An employee does not have a statutory entitlement to be paid by the employer while on sick leave. This is a matter for the employer’s discretion.
It is open to an employee to apply for illness benefit provided that he or she has sufficient social insurance contributions.
Leave of absence
In what circumstances may an employee take a leave of absence? What is the maximum duration of such leave and does an employee receive pay during the leave?
Employees who have made the requisite social insurance contributions may receive maternity benefit, adoptive benefit or paternity benefit from the Department of Employment Affairs and Social Protection. Employers are not obliged to pay employees during maternity, adoptive, parental or paternity leave.
A pregnant employee has a statutory entitlement to ordinary maternity leave for a period of 26 weeks, with the option to take additional maternity leave for a period of 16 weeks. An adopting employee is entitled to ordinary adoptive leave of 24 weeks and additional adoptive leave of 16 weeks.
An employee may avail of unpaid parental leave (22 weeks per child, although this is set to increase to 26 weeks from 1 September 2020) and carer’s leave (13 to 104 weeks), provided they satisfy certain statutory criteria. An employee who is a new parent other than the mother of the child (eg, father, civil partner of the mother, sole male adopter) is entitled to two weeks’ paternity leave.
An employee is entitled to take parent’s leave for children born or placed for adoption on or after 1 November 2019, provided he or she satisfy certain statutory conditions. Leave must be taken after birth or placement for adoption and must be taken within 52 weeks of birth or placement. It must be taken in periods of not less than one week and may be taken before additional maternity or adoptive leave.
The length of parent’s leave is currently set at two weeks’ paid leave, but the Minister for Employment Affairs and Social Protection has indicated that this will increase incrementally up to seven weeks’ leave by 2021.
Mandatory employee benefits
What employee benefits are prescribed by law?
There is no obligation on an employer to set up or contribute to a pension scheme. If an employer does not have a pension scheme, or an employee is excluded from joining a pension scheme, the employer must provide access to a personal retirement savings account within six months of the employee starting employment.
Part-time and fixed-term employees
Are there any special rules relating to part-time or fixed-term employees?
The Protection of Employees (Fixed-Term Work) Act 2003 grants employees (unless the contrary is objectively justified):
- the right to the same terms and conditions as comparable permanent employees; and
- the right not to suffer a detriment or unfair dismissal by reason of their fixed-term status.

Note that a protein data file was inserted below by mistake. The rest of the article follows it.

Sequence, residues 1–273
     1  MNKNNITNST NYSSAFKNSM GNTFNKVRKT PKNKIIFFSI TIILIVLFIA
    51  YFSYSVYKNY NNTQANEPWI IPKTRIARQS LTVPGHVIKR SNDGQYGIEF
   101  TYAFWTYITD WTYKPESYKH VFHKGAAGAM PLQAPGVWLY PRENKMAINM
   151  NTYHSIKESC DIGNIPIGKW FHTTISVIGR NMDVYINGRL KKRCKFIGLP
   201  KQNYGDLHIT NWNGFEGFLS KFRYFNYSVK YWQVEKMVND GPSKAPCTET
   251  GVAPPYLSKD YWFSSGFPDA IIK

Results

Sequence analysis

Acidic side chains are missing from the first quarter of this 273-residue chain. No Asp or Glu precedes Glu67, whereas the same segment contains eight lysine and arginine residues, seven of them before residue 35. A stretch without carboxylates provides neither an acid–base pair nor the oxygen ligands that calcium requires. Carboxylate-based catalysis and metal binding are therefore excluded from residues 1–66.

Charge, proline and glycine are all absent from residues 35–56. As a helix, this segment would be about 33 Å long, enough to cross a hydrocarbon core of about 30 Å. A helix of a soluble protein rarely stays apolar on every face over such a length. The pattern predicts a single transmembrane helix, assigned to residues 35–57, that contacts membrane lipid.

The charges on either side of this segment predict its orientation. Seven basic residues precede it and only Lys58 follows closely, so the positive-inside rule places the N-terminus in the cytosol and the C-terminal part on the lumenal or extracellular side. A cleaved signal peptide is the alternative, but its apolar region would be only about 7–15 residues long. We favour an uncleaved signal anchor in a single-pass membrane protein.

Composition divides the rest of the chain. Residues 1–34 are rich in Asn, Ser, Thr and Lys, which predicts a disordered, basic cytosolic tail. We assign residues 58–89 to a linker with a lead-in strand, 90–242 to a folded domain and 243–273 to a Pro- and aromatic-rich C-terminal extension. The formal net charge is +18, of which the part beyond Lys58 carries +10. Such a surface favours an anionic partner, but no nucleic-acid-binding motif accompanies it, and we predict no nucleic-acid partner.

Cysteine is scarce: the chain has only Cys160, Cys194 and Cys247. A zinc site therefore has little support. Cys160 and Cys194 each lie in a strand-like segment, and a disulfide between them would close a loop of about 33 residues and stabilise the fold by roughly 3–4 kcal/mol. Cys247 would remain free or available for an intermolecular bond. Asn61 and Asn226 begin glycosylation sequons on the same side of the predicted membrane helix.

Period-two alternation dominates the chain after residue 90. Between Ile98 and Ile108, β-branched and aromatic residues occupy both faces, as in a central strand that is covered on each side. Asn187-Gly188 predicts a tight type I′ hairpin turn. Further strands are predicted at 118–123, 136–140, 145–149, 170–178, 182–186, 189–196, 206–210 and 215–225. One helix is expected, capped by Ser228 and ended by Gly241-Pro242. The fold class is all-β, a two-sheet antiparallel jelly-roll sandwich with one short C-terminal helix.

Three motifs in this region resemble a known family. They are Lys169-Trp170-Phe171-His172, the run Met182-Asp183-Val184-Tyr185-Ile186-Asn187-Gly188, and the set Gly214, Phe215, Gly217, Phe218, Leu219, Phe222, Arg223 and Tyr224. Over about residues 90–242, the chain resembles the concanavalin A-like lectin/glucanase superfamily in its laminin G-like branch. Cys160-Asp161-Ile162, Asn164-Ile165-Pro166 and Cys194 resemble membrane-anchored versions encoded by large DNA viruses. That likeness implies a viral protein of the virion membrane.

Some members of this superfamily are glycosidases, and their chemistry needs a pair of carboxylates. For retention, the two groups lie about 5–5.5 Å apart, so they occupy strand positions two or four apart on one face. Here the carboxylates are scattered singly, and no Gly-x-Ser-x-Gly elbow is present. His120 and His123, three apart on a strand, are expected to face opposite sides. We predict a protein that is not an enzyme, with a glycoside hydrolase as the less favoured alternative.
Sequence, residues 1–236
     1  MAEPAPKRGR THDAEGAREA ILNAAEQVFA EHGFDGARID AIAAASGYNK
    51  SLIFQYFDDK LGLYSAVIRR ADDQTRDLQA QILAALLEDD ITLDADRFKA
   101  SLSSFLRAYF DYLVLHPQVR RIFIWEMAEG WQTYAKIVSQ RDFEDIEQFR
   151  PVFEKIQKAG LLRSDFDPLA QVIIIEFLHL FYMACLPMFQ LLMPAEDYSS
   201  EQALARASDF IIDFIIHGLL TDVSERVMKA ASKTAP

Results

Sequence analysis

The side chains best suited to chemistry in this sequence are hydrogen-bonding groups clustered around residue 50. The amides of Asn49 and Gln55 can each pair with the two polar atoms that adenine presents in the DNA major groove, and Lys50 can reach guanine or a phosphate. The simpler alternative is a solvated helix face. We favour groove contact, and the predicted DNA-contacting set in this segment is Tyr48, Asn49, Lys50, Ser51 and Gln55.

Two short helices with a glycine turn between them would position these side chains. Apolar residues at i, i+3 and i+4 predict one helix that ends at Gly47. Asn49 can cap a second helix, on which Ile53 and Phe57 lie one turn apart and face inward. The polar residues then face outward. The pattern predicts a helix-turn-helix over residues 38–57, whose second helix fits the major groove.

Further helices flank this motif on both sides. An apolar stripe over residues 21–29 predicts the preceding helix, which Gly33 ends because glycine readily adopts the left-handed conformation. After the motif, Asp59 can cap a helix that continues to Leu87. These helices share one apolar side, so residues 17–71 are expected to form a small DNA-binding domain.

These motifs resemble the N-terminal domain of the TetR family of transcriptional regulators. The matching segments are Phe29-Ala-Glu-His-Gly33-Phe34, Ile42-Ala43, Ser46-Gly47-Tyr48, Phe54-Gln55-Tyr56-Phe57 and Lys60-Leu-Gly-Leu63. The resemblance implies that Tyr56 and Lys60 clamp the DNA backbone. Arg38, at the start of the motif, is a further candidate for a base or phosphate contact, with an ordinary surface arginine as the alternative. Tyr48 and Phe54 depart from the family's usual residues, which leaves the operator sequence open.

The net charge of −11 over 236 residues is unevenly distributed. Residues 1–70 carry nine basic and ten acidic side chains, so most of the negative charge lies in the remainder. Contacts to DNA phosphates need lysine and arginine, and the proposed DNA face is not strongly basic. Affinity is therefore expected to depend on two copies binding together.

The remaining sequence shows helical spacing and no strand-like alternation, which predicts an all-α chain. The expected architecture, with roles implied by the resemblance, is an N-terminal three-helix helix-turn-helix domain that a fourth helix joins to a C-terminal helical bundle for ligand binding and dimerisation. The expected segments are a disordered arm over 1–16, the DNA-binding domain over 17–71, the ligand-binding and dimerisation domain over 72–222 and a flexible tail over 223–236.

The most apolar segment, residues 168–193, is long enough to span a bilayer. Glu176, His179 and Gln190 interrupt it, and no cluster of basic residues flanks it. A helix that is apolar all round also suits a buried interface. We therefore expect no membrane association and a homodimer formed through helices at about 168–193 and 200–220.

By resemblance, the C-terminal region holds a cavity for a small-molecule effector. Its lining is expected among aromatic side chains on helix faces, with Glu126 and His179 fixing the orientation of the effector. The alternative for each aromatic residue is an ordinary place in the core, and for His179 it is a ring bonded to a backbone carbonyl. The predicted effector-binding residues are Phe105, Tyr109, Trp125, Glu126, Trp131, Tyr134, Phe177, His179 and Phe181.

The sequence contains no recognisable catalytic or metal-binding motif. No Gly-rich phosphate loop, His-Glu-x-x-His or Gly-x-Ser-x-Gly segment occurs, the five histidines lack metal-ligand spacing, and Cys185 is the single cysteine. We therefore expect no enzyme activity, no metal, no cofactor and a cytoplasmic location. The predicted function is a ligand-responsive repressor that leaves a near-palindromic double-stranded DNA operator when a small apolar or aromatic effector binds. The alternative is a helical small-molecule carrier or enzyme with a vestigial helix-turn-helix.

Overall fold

Successive fixed-term contracts of four or more years will be deemed to be contracts of indefinite duration with the employer unless objectively justified by the employer.
The rules relating to part-time workers are governed by the Protection of Employees (Part-Time Work) Act 2001, which grants such workers (unless the contrary is objectively justified):
- the right to the same terms and conditions as comparable full-time workers; and
- the right not to suffer a detriment or unfair dismissal by reason of their part-time status.
Must employers publish information on pay or other details about employees or the general workforce?
Employers are not currently obliged to publish information on pay, employees or the general workforce; however, there are requirements for the disclosure of directors’ remuneration. The definition of directors’ emoluments includes all benefits in kind, regardless of whether they are taxable. Emoluments for all services provided in connection with the management of the company must be disclosed on a combined basis.
The Gender Pay Gap Information Bill 2019 provided for increased monitoring and publication of gender pay gap information, including the differences between male and female mean hourly rates of pay, median hourly rates of pay, mean bonus pay and median bonus pay. The Bill, which had reached the third stage of the lower house of the Parliament, has now lapsed with the dissolution of the lower house.
Post-employment restrictive covenants
Validity and enforceability
To what extent are post-termination covenants not to compete, solicit or deal valid and enforceable?
The default position in Ireland is that restrictive covenants (ie, non-compete and non-solicitation clauses) are void as being restraint of trade, unless the employer demonstrates that there is a legitimate business interest, that the restriction goes no further than reasonably necessary and that it is not contrary to the public interest.
Restrictive covenants will only be enforceable to the extent to which they are protecting legitimate business needs. In this regard, they should be limited in terms of activities, geographic scope and duration. Recent case law found a restrictive covenant to be void and unenforceable, as an unjustified restraint of trade, as the covenant itself went beyond the employer’s legitimate interest and was not justifiable.